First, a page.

the water knifeAlthough the Hebrew holy books, from the Five Books of Moses to the Torah, are not “science fiction” tracts, they do contain some out-of-this-world stories that always entertained me as a Jewish kid growing up in the 1950s and 1960s. Some of them are absolutely mind-blowing.

A few Jews have played important roles in the development of modern ‘sci-fi’ novels and TV shows. Forrest Ackeman is credited with coining the “sci-fi” term in the 1920s. And sci-fi novelists like David Brin, Robert Silverberg and Isaac Asimov have played a vital role in the ongoing evolution of the sci-fi genre.

I have a short Isaac Asimov story to tell, and then I will get to the gist of this piece.

You see, about 40 years ago, I was doing some PR for a book and one of the reporters I was in contact with on my media rounds was a San Francisco Chronicle journalist named Nanette Asimov.

This was in the days before the Internet, so we communicated by snail mail and telephone calls, she in California and me in Alaska.

One day, it crossed my mind that maybe just maybe Nanette might be related in some way to the late great Isaac Asimov, so I asked her.

“Yes, he’s my uncle,” she said. She also told me that her brother Eric Asimov is a reporter at the New York Times. Who knew?

I’ve always loved sci-fi novels and movies, and David Brin has been one of my teachers in the past few years as I have learned more and more about the foundations of science fiction as a literary genre and Hollywood world-building meme.

So while I am not involved with sci-fi personally, I am a fan. And one of the writers I follow is Colorado native Paolo Bacigalupi, who writes environmentally-themed sci fi novels and whose latest novel, [easyazon-link asin=”0385352875″ locale=”us”]The Water Knife[/easyazon-link] is due for wide release in May.

Already, people are talking about the book, since the author’s fans are legion and anticipation is high for what this new novel will augur.

Now in his 40s, Bacigalupi is a 5th generation Italian-American on his father’s side. He writes like few people can write today, prose that sings, ideas that flow, musings that ponder who we are and what we are doing on — and to — this planet Earth.

Bacigalupi is famous for saying that one of the classic questions of science fiction that resonates with him as an American author is: “If this goes on, what will the world look like?”

We could ask that same question in any discussion of climate change and global warming, which is where my own personal interests lie these days.

Now the ”The Water Knife” is set in America’s near future, and it’s about “water wars” between two major western cities: Las Vegas and Phoenix. The title comes from the starring role that so-called “water knives” — a term the author coined for his story — play in the climate-themed story.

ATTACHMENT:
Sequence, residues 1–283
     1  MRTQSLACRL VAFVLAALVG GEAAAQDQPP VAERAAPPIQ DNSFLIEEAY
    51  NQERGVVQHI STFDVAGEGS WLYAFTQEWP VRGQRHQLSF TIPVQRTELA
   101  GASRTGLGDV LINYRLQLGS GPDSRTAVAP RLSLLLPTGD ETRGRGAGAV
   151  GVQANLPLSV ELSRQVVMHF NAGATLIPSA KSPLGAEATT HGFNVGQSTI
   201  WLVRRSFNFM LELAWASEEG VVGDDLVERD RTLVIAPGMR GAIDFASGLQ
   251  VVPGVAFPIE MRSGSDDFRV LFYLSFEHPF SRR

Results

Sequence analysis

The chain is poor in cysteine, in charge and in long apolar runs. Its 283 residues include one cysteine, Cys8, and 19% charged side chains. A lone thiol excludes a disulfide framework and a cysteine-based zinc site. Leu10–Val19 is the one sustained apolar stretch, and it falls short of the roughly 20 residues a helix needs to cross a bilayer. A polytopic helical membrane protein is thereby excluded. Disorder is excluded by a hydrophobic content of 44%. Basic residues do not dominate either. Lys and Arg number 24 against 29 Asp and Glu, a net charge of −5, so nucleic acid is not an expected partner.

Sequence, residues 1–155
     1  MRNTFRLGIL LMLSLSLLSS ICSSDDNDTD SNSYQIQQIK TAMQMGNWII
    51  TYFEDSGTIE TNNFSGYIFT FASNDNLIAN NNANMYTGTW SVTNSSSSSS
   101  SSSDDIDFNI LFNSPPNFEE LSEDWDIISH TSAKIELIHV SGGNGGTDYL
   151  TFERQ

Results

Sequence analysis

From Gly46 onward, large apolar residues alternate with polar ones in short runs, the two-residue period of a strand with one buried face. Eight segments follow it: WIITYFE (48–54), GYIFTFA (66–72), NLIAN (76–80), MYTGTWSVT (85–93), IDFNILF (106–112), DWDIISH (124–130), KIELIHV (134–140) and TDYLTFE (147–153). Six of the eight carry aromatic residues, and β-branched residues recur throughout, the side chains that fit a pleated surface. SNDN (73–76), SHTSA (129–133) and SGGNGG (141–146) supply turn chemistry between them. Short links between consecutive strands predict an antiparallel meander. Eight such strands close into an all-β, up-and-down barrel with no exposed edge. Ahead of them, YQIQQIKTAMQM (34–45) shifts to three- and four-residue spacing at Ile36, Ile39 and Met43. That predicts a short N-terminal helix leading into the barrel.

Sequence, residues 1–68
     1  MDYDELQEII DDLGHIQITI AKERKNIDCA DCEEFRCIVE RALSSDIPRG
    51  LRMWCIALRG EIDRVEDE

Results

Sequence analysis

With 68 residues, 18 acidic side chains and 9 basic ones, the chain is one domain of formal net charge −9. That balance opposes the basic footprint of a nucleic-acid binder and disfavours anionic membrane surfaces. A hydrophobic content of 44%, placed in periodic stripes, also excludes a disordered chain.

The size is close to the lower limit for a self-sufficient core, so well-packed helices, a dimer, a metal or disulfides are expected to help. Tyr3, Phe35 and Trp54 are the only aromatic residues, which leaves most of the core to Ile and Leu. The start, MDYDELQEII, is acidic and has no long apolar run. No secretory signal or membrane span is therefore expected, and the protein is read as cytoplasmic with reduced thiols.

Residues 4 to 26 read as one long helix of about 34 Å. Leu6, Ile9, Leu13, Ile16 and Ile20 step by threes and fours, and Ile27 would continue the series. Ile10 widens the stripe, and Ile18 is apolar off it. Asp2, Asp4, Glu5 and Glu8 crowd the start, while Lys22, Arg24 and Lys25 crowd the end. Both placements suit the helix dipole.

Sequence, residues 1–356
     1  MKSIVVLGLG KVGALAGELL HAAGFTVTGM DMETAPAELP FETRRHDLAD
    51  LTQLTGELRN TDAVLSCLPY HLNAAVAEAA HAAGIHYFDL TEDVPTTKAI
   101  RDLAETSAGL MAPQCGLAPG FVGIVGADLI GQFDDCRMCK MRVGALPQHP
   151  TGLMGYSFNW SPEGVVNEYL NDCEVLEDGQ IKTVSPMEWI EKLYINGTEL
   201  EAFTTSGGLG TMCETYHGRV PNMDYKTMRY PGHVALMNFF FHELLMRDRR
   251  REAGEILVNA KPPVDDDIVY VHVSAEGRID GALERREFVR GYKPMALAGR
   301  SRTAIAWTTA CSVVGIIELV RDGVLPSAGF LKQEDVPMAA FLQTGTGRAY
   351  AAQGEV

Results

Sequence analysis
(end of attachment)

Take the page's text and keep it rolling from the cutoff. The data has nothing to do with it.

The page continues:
As Bacigalupi frames it in the drama that unfolds, “water knives” are eco-terrorists, hired thugs who become major players in this imagined water war for, yes, safe drinking water.

At a recent appearance at the annual American Library Association convention in Chicago, Bacigalupi introduced his new novel this way:

“You want a drought? I’ll give you a drought!”

And that’s what ”The Water Knife” is all about: a major future drought that impacts the West. Sound familiar? This book has legs, and it is sure to make a major impact of its own upon publication in May.

In a recent interview with Sarah Grant at Booklist magazine, Bacigalupi was asked the usual “what’s your new novel about” questions, and in the middle of it all, she popped a question that
interested me personally: “Have you heard the term Cli-Fi?”

Paolo didn’t miss a beat and answered quickly, according to the transcript online.

“I’ve heard the phrase, yes,” he replied.

Then Grant popped the big question: “Is it helpful or silly to pigeonhole literature that deals with climate change in this way?”

“It’s a weird thing,” Paolo replied. “Does the term Cli-fi make this more meaningful and accessible for somebody to pick up? Or does that mean it’s actually, ‘Oh, I don’t believe in climate fiction,
therefore, I’m not going to pick up this text?'”

And to top things off, he added: “Honestly, I think there’s something a little silly about saying that there’s genre of literature called cli-fi.”

So there you have it. With news stories about the rise of cli-fi on major media platforms worldwide — from the New York Times to the Guardian in Britain, and from the Washington Post to San Diego Jewish World, too — Paolo Bacigalupi still doesn’t know if it’s worth talking about cli-fi as a genre, or a motif, or a meme.

And that’s okay. He’s a novelist, not a PR guy.

As a writer, Paolo doesn’t have to “like” cli-fi, and he doesn’t have to use it as a genre term for his novels, either. He writes powerful sci-fi novels and more power to him.

An earlier novel, ”Windup Girl,” was a major genre hit, and I am sure ”The Water Knife” is going to go mainstream with an even bigger impact worldwide.

He’s that big, and that important.

I think it’s obvious that Paolo believes in climate change and regards his books as addressing environmental issues, as he suggests all books should address our changing world, else they be historical fiction.

It’s the term itself which he seems to be most curious about. How does it work? How is it used in either publishing or media?

I think those are good questions, too, and only the future will tell.

Meanwhile, there’s one heckuva drought coming our way soon in ”The Water Knife” and I’ve already pre-ordered my copy.


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